At QuadshoX, its not just rear suspension or front suspension, it is suspension. It has been medically proven that adding some type of suspension or shock absorber to a wheelchair, bicycle, stroller, or car can improve the overall functionality of the device as well as the quality of ride for the user.
Raoul F. Reiser II, PhD, FACSM, CSCS Associate Professor
Director – Clinical Biomechanics Laboratory Health & Exercise Science
Colorado State University Fort Collins, CO 80523
Objective: The goal of this project was to determine the shock reducing effectiveness of an aftermarket rear-wheel suspension system manufactured by QuadshoX, LLC (Fort Collins, CO) for tilt-in-space manual wheelchairs.
Methods: Peak resultant accelerations were analyzed from a tri-axial accelerometer (Model 339A31, PCB Piezotronics, Depew, NY, sampled at 2k Hz) mounted either to the rear of the seatpan of Quickie tilt-in-space wheelchairs (Phoenix, AZ) (Figure 1) or to a bicycle helmet worn by the subjects. Five QuadshoX users volunteered to participate. Subjects were pushed by a trained caregiver over four preselected common outdoor surface scenarios in both their QuadshoX equipped wheelchair and one without. Surfaces included a 1) building exit door with elevated threshold followed by new concrete sidewalk with regularly spaced expansion seems (Figure 2), 2) stretch of fractured asphalt (Figure 3), 3) road crossing with bubbled transition ramp from sidewalk (Figure 4), and 4) pea gravel (Figure 5). All surfaces were horizontally level. Subjects performed 3 acceptable trials over each surface first in the rigid wheelchair followed by trials in their suspension equipped chair with the accelerometer mounted on the seatpan. Rigid chair trials all had to be within 0.5 s as determined by hand timing. Suspension chair trials also had to be within 0.5 s of each other with the average within 0.5 s of those in the rigid chair. Similar requirements existed for the trials conducted with the subjects wearing the helmet. All shocks were inspected and adjusted prior to data collection. The suspension system of one chair was determined to not be functioning properly, and could not be fixed on site. As a result, only four subjects are included in the analysis (2 men, 2 women; 3 with cerebral palsy, 1 with quadriplegia; age = 27.7±7.0 yrs; height = 162±24 cm; mass = 50.2±17 kg (mean±SD)). Three of the suspension equipped wheelchairs had rear wheels with 15” diameter, one with 12” diameter. The rigid chair had 12” diameter rear wheels. Posterior tilt of all chairs was 15°. Suspension system use ranged from 1-24 months.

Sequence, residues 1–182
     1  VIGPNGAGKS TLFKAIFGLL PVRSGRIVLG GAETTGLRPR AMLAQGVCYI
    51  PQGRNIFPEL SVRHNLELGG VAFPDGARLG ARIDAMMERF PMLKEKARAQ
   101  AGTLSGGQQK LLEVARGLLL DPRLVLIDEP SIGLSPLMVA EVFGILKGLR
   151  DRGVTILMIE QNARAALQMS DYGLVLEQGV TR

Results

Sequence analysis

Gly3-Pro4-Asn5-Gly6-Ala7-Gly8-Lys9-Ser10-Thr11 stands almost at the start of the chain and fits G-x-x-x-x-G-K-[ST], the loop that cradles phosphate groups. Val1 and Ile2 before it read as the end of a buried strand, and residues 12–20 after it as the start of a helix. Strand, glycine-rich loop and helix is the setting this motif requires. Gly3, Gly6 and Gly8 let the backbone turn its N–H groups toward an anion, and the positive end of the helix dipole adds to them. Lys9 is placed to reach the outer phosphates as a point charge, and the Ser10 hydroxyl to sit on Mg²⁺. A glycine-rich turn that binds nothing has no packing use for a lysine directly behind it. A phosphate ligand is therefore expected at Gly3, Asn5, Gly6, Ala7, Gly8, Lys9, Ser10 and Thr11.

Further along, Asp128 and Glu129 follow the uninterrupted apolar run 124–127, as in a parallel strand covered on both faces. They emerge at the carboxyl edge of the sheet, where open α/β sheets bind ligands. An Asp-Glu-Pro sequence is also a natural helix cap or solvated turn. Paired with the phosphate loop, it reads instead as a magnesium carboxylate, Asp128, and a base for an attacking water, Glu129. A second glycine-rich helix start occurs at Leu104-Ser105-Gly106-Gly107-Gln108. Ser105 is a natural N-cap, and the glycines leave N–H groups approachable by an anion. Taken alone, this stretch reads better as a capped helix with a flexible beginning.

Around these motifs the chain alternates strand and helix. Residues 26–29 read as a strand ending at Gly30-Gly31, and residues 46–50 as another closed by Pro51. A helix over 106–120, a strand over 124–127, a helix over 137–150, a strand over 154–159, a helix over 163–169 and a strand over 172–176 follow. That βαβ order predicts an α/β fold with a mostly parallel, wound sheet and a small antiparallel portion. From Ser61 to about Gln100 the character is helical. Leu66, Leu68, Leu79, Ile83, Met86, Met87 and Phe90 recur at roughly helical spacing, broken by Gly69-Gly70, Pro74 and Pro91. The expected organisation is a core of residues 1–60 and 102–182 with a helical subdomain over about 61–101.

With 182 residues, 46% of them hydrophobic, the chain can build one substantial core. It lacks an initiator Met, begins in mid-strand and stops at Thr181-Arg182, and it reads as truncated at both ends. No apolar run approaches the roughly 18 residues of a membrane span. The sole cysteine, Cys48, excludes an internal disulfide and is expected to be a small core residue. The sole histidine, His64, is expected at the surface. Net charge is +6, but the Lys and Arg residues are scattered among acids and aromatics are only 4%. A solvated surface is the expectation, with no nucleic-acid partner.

Figure 1: Triaxial accelerometer mounted to the rear of the wheelchair seatpan.
Results from the seatpan mounted trials conducted on all four surface scenarios are included in this report. From each acceptable threshold and new sidewalk trial, peak resultant accelerations from 10 points were extracted (Figure 6). In addition to analyzing points A through I, the averages of A + B, C + D, E + G + I, and F + H + J were also analyzed. For the other three surfaces the root mean square (RMS) over a region of interest (ROI) of the resultant acceleration was calculated. For the fractured asphalt, the ROI was 10s in the middle of the section were fractures were the greatest (Figure 7). For the road crossing, the ROI was the average RMS on both sides of the street, inclusive of the sidewalk seams and bubbled metal (Figure 8). For the gravel, the ROI was 10s after getting the wheelchair to a steady speed (Figure 9).